But I feel like this might be more complicated. First off, it doesn’t just take one side of your muscles to wag (if you are the type of animal that wags). If you’re contracting the muscles at the base of the tail on the right (so you’ll wag right), you relax the ones on the left. If course, you can get a right LEANING wag with more muscle action on the right, so that doesn’t invalidate the hypothesis, but it does mean you’re dealing with something more than “right brain” and “left brain.” But there’s also the issue that fear-related behaviors and reward-related behaviors are associated with activation on BOTH sides of the brain. You don’t just get activity in one amygdala. Finally, dogs are clearly capable of complex social interactions, something that requires a lot of higher processing. It takes a lot of thinking to figure out which signal you want to pass on to other dogs, and to “decode” that signal. The two “sides” of the brain are always going to work together to a greater or lesser extent. It would be interesting to see the processing going on while a dog makes a left or a right wag.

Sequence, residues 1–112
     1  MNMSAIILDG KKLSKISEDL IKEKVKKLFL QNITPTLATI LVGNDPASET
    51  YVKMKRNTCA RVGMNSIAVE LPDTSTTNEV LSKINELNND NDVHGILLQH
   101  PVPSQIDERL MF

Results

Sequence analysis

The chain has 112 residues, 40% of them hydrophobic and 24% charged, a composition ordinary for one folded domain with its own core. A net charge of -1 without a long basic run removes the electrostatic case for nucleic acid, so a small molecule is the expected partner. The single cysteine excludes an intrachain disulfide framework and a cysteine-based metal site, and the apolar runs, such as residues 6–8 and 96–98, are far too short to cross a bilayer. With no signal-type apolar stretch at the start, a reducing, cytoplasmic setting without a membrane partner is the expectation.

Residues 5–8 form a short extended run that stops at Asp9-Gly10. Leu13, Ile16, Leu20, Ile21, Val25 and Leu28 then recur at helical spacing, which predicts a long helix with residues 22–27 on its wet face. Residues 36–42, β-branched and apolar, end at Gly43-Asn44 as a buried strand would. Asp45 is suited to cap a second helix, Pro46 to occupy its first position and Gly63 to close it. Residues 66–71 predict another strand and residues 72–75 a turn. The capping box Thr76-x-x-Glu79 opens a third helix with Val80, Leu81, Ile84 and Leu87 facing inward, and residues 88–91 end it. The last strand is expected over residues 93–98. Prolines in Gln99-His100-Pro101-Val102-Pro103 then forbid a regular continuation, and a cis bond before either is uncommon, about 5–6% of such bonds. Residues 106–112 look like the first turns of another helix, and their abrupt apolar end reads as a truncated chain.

Regardless of how it happens, which way the dog wags could be important for both how we approach dogs, and how we work with dogs when trying to do things like socialize them with other dogs. When you see a dog next time, look closer. Is that tail going to the right or left? If left, you could be in for a less friendly reception than you anticipated. 

Paper: M. Siniscalchi et al. Seeing Left- or Right-Asymmetric Tail Wagging Produces Different Emotional Responses in Dogs. Current Biology. Published online October 31, 2013. doi: 10.1016/j.cub.2013.09.027

Bethany was previously the staff writer at Science News for Students. She has a Ph.D. in physiology and pharmacology from Wake Forest University School of Medicine.